From Glasgow it was time to leave the city and head to a more rural place. I really wanted to get to the Isle of Sky in Scotland but unfortunately there just was not enough time so of course I plan to go back. Instead I decided to head over to Oban. Only about 2.5 hours by bus you got to love the closeness of places in Ireland and the UK. Overall they are definitely more expensive then South America and Asia, but if you have the finances the ease of travel is pretty convenient.

When I walked out of the Oban bus terminal I realized just how small the town was, and I instantly loved it. I stopped at that fancy hotel straight ahead and to the right for a latte and to get some internet to find there real place I was headed, Oban backpackers.Since everything is within about 15 minutes walking in the town, it wasn’t hard to find. Eclectic, spacious, and full of warm inviting vibes, I also loved this hostel. For the most part there is not a hostel I don’t love which is why I do not post every hostel I stay in, you should choose the one that suits you, however, there are very limited places to stay in Oban so if you are passing through with a backpack then you probably know this placeI’m sure you are familiar with the name of the town. Non other than the Oban distillery, which is just a few minutes walking from the port, closer than my hostel was. I popped in for a few sips and to have a look around.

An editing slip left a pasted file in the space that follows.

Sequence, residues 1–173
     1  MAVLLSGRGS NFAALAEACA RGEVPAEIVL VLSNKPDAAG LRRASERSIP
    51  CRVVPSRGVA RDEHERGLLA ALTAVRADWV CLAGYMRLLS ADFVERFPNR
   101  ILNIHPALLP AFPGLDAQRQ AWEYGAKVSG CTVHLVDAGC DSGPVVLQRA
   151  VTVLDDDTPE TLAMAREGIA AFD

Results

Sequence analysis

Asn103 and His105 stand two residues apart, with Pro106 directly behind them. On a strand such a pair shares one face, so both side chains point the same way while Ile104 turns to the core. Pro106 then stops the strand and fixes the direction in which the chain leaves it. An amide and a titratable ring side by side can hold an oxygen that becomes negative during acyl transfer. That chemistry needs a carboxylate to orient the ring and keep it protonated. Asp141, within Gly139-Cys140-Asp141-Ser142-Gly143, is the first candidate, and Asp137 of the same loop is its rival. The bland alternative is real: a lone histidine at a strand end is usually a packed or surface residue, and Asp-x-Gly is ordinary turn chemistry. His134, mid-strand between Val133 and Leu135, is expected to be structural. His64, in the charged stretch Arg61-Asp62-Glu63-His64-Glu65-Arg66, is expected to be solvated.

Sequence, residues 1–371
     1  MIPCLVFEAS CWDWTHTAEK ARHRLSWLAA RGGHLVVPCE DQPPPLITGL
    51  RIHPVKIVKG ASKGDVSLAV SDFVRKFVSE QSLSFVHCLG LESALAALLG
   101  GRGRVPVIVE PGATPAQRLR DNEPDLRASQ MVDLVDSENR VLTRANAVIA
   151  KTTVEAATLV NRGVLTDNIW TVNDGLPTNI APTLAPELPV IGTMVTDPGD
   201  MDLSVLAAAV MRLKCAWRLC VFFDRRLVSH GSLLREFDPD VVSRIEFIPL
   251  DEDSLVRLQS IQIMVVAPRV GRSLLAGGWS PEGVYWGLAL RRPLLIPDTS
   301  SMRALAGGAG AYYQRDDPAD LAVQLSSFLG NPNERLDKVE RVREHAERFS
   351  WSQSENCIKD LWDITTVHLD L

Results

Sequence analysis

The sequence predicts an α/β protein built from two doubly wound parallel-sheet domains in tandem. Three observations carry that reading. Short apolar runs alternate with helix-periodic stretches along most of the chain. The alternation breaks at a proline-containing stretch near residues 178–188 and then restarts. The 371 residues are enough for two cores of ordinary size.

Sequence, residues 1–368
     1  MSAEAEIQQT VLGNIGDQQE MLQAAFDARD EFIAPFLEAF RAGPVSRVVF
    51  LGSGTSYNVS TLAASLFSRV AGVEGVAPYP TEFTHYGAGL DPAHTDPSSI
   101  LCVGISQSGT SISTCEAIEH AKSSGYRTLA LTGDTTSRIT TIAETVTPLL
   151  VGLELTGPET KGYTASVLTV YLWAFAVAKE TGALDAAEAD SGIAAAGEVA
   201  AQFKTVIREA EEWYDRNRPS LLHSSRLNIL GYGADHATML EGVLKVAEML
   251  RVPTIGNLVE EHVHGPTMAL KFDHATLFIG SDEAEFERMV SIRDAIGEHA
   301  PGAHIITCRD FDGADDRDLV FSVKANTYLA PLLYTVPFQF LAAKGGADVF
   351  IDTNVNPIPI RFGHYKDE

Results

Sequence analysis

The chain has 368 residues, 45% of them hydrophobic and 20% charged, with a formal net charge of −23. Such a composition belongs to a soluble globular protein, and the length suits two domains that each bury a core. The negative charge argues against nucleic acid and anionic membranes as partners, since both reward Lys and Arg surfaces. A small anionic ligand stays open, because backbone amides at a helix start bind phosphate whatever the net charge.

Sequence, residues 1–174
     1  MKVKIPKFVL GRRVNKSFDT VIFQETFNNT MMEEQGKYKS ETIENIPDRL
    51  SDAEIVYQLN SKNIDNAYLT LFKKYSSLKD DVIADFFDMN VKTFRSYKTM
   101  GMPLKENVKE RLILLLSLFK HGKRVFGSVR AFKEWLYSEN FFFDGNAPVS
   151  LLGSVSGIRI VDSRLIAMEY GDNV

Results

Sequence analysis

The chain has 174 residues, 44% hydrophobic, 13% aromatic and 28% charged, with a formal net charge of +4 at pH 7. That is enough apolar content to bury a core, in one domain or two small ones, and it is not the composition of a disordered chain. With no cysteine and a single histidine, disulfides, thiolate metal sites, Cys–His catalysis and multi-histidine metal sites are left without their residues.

The first night in Oban was pretty lazy. As I mentioned before I was traveling off season, which was not as apparent in the cities, but in smaller towns the shops all close early, the hostel was nearly empty, and Oban provided a quite space to escape reality for a few days. I actually prefer traveling during the off season although as I was talking to one of the locals we both agreed that in a few more years there may not be off seasons because of the increasing frequency of foreign travel during all seasons and months across the globe.

I found a local market for some food items to make dinner, and a six pack of beer for a few drinks. You may recall my Scottish acquaintance if you follow my instagram, but this guy provided quite an eventful evening on an otherwise uneventful night.

After I got settled I started talking to other backpackers about the day trips to different island and also immediately started looking for a tour because my friend Maura had told me about Staffa island and the puffins that come there to breed. I knew I was already too late for them because they normally leave the island in late July and early August, but I still wanted to see the island anyway. And so I booked a full day tour to the Isle of Mull, Staffa, and Iona. This involved a couple of ferries, a small boat and some rough seas but it was so much fun and a really good tour.

We took a ferry to the Isle of Mull first and then after that through the island with an energetic and informative tour guide who grew up there so knew much about the area.

I didn’t take too many photos of the scenery, but of course I got a few photos of the highland cows because they are awesome!